[Bitcoin-development] Bitcoin Testing Project

Matt Corallo bitcoin-list at bluematt.me
Thu Sep 27 00:53:26 UTC 2012

On Wed, 2012-09-26 at 13:28 +0100, steve wrote:
> Hi Matt,
> Glad to have another ninja onboard :)
> On 25/09/2012 21:41, Matt Corallo wrote:
> > Although Jenkins may not be the best system, we already have
> > jenkins and pull-tester (which is a dumb python script I wrote to
> > test all incoming pull requests from github).
> I have never heard of jenkins before.  I need to do some more digging.
> is this the right thing?
> https://wiki.jenkins-ci.org/display/JENKINS/Mantis+Plugin
For a mantis plugin, sure, I guess...
> Mantis on the other hand, I know exceptionally well.  I hate
> duplication of work/data unless absolutely necessary.  I will check
> jenkins out (just out of interest what is it actually meant to do? the
> website implies framework, but not what its for)
Jenkins currently just runs the test script after each new commit to
bitcoin (and provides binaries to anyone who wants them), so its pretty
basic (though jenkins has way more features than we use).  The bitcoin
one lives at http://jenkins.bluematt.me/
> > 
> > They both run the same set of scripts, namely those at 
> > https://github.com/TheBlueMatt/test-scripts (its pretty basic right
> > now, but since it is on github, I was hoping someone would find
> > the inspiration to add to it).
> I will check it out. I wrote a very basic script that wikified the
> changelog,
We currently keep a changelog at https://en.bitcoin.it/wiki/Changelog (I
went back and added tons of logs a while back and it got updated, though
0.7 seems to be missing...) anyway, automating that would be nice...
> and linked to the changes and created wiki pages for the
> testcases.  
Having more info on that changelog page would be nice.
> have you seen the stuff I put on bettermeans? bits keep
> vanishing then re appearing.
I have been meaning to catch up with the various attempts at better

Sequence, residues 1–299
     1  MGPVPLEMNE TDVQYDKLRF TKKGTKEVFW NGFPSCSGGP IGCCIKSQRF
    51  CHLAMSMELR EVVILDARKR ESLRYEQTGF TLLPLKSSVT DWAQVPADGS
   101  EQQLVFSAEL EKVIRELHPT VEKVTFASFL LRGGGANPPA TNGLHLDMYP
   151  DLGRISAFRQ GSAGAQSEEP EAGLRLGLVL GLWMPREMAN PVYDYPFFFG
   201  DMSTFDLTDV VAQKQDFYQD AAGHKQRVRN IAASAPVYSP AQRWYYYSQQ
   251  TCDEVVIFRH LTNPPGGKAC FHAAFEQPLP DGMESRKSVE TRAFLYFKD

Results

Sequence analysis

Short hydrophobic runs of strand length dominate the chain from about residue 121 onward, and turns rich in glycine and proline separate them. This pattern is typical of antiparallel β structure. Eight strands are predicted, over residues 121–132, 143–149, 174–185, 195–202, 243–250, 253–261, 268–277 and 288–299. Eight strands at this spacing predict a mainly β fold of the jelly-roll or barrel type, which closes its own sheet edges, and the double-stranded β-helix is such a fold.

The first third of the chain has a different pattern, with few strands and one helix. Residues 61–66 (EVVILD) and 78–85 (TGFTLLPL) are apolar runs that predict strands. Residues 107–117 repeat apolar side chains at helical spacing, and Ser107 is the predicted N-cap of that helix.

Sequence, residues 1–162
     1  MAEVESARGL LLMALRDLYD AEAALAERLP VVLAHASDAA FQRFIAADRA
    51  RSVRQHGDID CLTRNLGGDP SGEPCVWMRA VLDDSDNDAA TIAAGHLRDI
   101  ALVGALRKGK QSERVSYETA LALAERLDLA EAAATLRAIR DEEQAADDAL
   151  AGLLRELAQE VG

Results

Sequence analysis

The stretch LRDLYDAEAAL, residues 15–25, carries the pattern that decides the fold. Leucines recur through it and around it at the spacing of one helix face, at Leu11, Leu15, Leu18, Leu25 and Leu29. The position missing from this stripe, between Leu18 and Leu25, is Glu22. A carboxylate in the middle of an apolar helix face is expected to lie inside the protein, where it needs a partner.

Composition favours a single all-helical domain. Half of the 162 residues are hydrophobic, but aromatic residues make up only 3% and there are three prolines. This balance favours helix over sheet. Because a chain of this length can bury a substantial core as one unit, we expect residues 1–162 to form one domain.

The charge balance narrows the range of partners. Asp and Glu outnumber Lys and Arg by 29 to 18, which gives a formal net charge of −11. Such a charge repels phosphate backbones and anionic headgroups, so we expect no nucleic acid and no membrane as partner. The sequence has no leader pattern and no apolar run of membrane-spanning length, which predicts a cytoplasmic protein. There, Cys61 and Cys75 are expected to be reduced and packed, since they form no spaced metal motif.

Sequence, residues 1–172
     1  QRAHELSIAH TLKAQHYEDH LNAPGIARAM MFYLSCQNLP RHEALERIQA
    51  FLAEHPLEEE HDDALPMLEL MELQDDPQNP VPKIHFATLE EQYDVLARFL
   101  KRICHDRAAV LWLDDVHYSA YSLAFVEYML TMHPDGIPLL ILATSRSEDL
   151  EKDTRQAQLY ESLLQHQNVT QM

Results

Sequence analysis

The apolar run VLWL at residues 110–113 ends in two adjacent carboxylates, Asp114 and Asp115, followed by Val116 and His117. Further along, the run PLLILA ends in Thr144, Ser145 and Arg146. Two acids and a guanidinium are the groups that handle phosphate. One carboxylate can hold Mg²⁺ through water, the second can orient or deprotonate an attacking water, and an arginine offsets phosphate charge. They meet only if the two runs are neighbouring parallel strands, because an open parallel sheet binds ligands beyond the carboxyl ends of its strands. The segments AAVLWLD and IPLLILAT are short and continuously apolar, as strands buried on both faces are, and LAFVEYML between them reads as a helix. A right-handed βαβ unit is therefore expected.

bitcoin testing that have started up a few times, but I keep never
getting around to it...
> This is the outline of the testing that I setup for 0.7
> https://secure.bettermeans.com/projects/4256/wiki
> > 
> > I dont really care if we keep using jenkins, but I figure we might
> > as well keep all the tests in one place?
> Yes, I would love to unify all build testing and testcases into one
> place.  I am still on the fence as to including unit tests into this.
> However I do see 3 distinct type of testcases
Even if unit tests are considered separate, having it all run in one
huge test script makes it quite easy to implement new things (like
pull-tester) which test some arbitrary bitcoind commit in the same way
as every other tester.  
> 1 - requirements based testcases (requirements based off the current
> block chain rules - these are edge cases and known interoperability
> issues)
The BitcoinjBitcoindComparisonTool.jar file which is run as a part of
the test scripts tries to hit as many block acceptance edge cases as
possible (I'm sure I missed a ton, but it hits a lot too).  I've also
been pushing alternate implementation implementors to use it to test
their own implementations.
> 2 - Acceptance based testcases - these are testcases that should be
> run for every build.  Check out the General Acceptance Tests in the
> wiki link for examples and testcases
> 3 - Testcases for reference implementations of things (like multisig -
> i see these working like the /test folder when you install a new perl
> module)
> These three things alone are a massive task. and they still wont cover
> everything.  I would like to get the workflow so that people can
> sponsor or donate to a specific campaign (eg a new feature is
> implemented, people want it tested so can donate just for that
> campaign [developing testcases, structure, requirements, etc])
> Once this is done, I will get to do some exciting stuff (like writing
> fuzzers, automation, etc) unfortunately I do not know python, only perl.
As far as I'm concerned more test cases are more test cases, it may get
unwieldy to maintain, but at least we'd have more test cases :)

In terms of general testing strategies, I really prefer to script it
all, jenkins is quite nice in that it can have slave workers using a
different OS which run their own tests and then report back to the main
jenkins instance.  Getting a real Windows slave to run the installer and
test that thoroughly as well as basic Mac things (I know OSX uses a very
different build system...) would be nice (though I dont really have time
to write all those tests...)

re: GUI testing is hard: I've heard Qt's unit test framework is really
powerful and can even include things like click scripting and analysis
of the current views (though, I agree, its still no doubt hard).  


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